Tuesday, December 11, 2012

Restrictions on Bargaining Are Not a "Right to Work"

Republicans in the state legislature of Michigan have come together this week to institute new prohibitions on the freedom of contract in their state. These new state-mandated prohibitions would put certain restrictions on people's right to bargain and sign contracts reflecting the outcomes of such bargaining. Republicans often portray themselves in opposition to big government regulations of the economy. However, when it comes to putting new restrictions on the type of contracts that can be arranged between free and consenting adults, they always seem to forget they are against big government. See also "tort reform."
Prominent Example of Big Government Interfering with Freedom of Contract
For some reason, many prominent reporters and news commentators have decided to refer to the legislation in Michigan as a "right-to-work" law. I guess newspaper editors decided it would be a good idea to try to confuse their readers as much as possible. Instead of calling the legislation "restrictions on bargaining," "new prohibitions on the freedom of contract," or an anodyne (albeit somewhat vague) term like "economic regulation," they settled on a term that does nothing to illuminate the underlying law it is meant to describe.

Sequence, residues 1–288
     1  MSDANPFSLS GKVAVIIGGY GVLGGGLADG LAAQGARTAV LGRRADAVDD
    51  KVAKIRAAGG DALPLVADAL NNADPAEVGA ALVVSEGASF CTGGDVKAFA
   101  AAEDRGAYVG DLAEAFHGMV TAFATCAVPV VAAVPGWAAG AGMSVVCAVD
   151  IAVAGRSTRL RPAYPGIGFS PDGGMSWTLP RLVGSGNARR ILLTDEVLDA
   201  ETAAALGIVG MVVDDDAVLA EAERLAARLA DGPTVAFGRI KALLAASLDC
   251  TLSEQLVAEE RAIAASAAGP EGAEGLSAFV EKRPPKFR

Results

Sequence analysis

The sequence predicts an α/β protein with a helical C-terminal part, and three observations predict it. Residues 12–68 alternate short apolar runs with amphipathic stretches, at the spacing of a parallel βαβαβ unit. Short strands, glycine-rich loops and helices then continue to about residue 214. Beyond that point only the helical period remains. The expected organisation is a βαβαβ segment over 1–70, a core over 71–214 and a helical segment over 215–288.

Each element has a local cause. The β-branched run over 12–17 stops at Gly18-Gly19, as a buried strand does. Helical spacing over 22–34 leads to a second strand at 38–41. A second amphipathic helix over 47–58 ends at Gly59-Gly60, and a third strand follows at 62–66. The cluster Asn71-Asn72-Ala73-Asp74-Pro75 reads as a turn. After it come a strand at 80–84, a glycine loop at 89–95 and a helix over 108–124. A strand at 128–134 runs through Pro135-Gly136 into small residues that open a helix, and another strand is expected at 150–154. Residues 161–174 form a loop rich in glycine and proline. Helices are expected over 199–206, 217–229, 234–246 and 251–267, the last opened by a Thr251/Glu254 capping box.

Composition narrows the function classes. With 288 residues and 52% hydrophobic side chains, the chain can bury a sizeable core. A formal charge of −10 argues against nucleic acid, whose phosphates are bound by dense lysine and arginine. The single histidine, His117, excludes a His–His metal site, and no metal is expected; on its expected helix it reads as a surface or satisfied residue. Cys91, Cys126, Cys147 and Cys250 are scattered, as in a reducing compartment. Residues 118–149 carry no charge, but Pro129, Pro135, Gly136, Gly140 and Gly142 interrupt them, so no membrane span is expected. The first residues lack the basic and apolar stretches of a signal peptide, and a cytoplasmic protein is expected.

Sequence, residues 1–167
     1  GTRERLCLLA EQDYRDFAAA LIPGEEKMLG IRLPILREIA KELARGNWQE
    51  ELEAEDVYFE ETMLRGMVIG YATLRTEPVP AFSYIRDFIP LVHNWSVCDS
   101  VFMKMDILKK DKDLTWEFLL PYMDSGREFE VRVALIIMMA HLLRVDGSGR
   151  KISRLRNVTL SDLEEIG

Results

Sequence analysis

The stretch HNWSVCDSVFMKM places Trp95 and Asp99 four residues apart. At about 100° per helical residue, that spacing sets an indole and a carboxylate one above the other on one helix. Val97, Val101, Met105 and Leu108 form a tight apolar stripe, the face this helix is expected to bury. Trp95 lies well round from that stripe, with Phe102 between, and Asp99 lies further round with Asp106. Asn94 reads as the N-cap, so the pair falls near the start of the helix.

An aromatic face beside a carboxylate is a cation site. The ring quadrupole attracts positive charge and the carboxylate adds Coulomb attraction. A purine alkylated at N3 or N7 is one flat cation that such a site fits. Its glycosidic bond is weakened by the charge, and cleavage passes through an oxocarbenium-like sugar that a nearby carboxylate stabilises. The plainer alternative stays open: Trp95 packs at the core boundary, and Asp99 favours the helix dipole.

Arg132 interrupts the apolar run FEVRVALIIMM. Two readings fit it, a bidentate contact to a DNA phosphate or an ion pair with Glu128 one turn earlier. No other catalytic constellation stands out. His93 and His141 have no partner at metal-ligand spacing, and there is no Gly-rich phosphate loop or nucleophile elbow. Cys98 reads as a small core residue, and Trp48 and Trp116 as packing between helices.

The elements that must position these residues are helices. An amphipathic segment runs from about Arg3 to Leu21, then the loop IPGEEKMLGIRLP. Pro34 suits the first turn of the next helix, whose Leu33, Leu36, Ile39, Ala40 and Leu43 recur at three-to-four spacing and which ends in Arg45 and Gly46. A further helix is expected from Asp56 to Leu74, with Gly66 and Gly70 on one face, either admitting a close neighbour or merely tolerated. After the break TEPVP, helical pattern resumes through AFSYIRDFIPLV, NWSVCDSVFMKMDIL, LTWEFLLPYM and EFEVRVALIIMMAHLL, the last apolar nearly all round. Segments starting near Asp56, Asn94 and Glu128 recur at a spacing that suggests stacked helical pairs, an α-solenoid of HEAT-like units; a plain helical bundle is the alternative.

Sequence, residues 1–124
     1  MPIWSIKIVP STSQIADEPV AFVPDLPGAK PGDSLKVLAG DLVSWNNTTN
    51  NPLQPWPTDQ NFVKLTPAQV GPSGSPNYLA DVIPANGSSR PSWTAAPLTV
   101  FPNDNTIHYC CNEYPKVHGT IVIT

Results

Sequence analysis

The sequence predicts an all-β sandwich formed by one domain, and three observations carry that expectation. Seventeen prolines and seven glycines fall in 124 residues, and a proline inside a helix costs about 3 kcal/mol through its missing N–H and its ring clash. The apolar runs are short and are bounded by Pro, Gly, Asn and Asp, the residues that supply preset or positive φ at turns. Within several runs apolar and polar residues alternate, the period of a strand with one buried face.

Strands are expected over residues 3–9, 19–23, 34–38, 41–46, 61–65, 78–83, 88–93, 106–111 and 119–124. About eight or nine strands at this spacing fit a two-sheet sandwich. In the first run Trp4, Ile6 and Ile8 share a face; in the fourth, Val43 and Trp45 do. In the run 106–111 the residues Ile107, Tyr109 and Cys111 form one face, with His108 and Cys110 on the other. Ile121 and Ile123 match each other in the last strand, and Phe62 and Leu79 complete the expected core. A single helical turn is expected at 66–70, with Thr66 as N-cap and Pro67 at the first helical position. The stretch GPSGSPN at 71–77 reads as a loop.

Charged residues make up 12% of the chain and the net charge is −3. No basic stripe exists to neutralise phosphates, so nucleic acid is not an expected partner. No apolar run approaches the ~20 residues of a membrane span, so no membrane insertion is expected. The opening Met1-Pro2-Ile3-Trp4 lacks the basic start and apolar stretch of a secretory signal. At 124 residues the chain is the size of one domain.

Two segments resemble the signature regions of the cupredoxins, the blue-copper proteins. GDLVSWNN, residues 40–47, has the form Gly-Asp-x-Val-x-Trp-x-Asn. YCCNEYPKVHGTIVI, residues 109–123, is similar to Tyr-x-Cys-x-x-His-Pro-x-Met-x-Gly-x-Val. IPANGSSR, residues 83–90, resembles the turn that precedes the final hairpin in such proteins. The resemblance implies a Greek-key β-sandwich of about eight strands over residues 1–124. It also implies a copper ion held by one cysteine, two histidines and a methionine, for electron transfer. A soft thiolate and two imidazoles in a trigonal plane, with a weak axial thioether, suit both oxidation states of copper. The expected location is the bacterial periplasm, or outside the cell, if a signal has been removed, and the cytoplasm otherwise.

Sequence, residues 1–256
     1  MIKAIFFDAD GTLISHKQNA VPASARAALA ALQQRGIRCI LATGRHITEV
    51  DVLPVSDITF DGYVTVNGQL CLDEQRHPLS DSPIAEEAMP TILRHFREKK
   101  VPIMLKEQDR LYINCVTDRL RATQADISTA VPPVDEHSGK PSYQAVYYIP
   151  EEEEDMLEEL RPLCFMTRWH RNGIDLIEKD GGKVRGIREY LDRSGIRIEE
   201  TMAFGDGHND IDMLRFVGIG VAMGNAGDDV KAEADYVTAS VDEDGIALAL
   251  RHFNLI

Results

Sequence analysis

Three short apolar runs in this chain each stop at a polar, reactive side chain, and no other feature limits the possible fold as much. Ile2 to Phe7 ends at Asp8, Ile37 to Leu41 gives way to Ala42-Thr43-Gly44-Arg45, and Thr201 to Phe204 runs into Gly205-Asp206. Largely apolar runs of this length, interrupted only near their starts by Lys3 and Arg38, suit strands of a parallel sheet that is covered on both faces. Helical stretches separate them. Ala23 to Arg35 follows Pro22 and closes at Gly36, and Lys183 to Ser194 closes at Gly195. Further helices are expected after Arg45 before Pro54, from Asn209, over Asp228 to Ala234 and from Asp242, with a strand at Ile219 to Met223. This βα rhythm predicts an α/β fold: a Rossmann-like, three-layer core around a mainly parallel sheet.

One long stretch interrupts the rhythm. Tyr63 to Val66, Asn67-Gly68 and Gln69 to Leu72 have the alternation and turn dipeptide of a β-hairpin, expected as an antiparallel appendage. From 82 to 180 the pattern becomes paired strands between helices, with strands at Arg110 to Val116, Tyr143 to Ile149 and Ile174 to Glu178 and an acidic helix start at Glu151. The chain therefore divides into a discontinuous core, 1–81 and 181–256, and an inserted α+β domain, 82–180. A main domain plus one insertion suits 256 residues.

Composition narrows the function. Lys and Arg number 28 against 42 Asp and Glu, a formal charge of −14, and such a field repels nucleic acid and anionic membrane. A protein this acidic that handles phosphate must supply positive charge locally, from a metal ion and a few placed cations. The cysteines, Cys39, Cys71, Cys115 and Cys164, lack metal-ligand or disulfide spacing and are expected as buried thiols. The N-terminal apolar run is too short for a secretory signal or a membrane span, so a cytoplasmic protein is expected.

If you asked any normal person what "the right to work" means, I believe they would say a guaranteed right to be employed. As with the right to free speech, there would probably be some limited restrictions on the right for practical reasons, but in general, if an individual was willing to work, they would have a right to be gainfully employed. That's actually a great idea! But it is an idea that bears no resemblance at all to the legislation favored by Republican legislators during the post-election Lame Duck Session.

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